Difference between revisions of "Patient Safety: Improving Safety with Information Technology"
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[[Category: Medication Errors]]
[[Category: Medication Errors]]
Revision as of 00:15, 11 October 2015
- 1 Introduction
- 2 Overview
- 3 Ways that Information Technology can Reduce Errors
- 4 Improving Communication
- 5 Providing Access to Information
- 6 Requiring Information and Assisting with Calculations
- 7 Monitoring
- 8 Decision Support
- 9 Rapid Response to and Tracking of Adverse Events
- 10 Medication Safety and the Prevention of Errors
- 11 Summary of Approaches to Prevention
- 12 Barriers and Directions for Improvement
- 13 Conclusions
- 14 Comments
- 15 References
- 16 Related Articles
This is a systematic review of the article entitled “Patient Safety: Improving Safety with Information Technology” by David W. Bates, MD .
Bates introduces information technology (IT) as a significant solution to the ever-growing need for quality and safety in health care and encourages the medical industry to follow the example of other industries in pursuit of mass customization and individualization. He also proposed that sophistication of computers and software has a great potential to minimize harm or injury caused during medical care. In this article, Bates provides an assessment of the current status of information technology with regard to safety and studies the consequences of the implementation of IT for health care, research, and policy.
Ways that Information Technology can Reduce Errors
Three approaches were discussed:
- Preventing errors and adverse events
- Expediting a quick response after an adverse event has ensued
- Following up with adverse events and providing feedback.
Bates described poor communication, especially those that result from inadequate “handoffs” between providers as one of the most common factors contributing to the incidence of adverse events. Modern technology such as computerized coverage systems for signing out, hand-held personal digital devices and wireless access to electronic medical records were determined to be plausible solutions to enhance information exchange. The article also explained that information systems can automatically recognize and quickly communicate problems to clinicians such as an abnormal lab value unlike traditional systems in which such results are communicated to a unit secretary.
Providing Access to Information
Bates noted that access to reference information such as medical literature, textbooks and Medline database are now readily available on computers and point-of-care devices.
Requiring Information and Assisting with Calculations
A primary advantage of IT such “forcing function” was discussed. Forcing function was described as a means to control the way a task is performed. Examples of constraints named in the article include legible order entry and restricted medication dosing/route of administration. Bates termed forcing function as one of the principal means in which computerized physician order entry reduces the rate of errors.
In this section, Bates discusses how computer applications can identify problems and track relations and trends, which can allow clinicians to intervene before an adverse outcome can occur.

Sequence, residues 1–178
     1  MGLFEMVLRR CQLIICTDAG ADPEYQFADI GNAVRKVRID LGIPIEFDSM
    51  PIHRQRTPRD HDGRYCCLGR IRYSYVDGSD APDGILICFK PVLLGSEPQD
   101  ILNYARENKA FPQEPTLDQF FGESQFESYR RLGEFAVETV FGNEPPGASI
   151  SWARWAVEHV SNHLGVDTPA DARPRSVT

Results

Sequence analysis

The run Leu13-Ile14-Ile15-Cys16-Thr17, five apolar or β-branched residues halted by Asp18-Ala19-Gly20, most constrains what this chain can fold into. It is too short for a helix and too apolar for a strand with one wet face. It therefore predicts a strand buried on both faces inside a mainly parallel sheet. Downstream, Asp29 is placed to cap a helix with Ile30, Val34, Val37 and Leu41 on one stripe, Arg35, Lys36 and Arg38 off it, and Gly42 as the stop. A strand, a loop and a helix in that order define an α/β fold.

Tools that have minimize diagnostic and treatment errors in various clinical settings were evaluated. Information systems were said to assist with work flow by providing access to key information on patients as laboratory values, by calculating weight-based doses of medications, or by flagging patients that have an order for imaging where intravenous contrast material may be unsuitable.
Rapid Response to and Tracking of Adverse Events
Bates assesses the importance of information technology tools such as computerized prescribing, in combination with electronic medical records and clinical decision support with preventing, tracking and providing early intervention for adverse events. For example, one study found that the use of clinical decision support prevented 44% of misses for a team of clinicians.
Medication Safety and the Prevention of Errors
Bates found that the use of computerized physician order entry with clinical decision support greatly reduced common factors contributing towards misinformation and subsequent medication error such as illegible orders, errors of calculation, and errors in transcription.
Summary of Approaches to Prevention
Few comprehensive studies have been conducted to assess the benefits of IT in improving safety in health care. Bates indicated that more research is needed to fully understand how best to provide the effective patient safety tools through IT.
Barriers and Directions for Improvement
It was found that despite major opportunities for improvement and development of patient safety, the adoption of information technology in health care remains slow. Factors contributing to these limitations include:
- Financial Barriers
- Lack of Standards
- Cultural Barriers
The article was concluded by stating that the current difficulties in medical care can be improved by increased use of information technology. Information technology can drastically improve patient safety by providing structured actions such as computerized physician order entry, evidence-based clinical decision support and catching errors.
This article provides an excellent introduction to the mandate to improve patient safety through the use of information technology. Bates provides a thorough assessment of information technology as an essential tool for clinician to provide safe health care.
- Bates, D. Improving Safety with Information Technology. New Engl J Med 2003 348:2526-2534 http://www.nejm.org/doi/pdf/10.1056/NEJMsa020847
Measuring and improving patient safety through health information technology: The Health IT Safety Framework.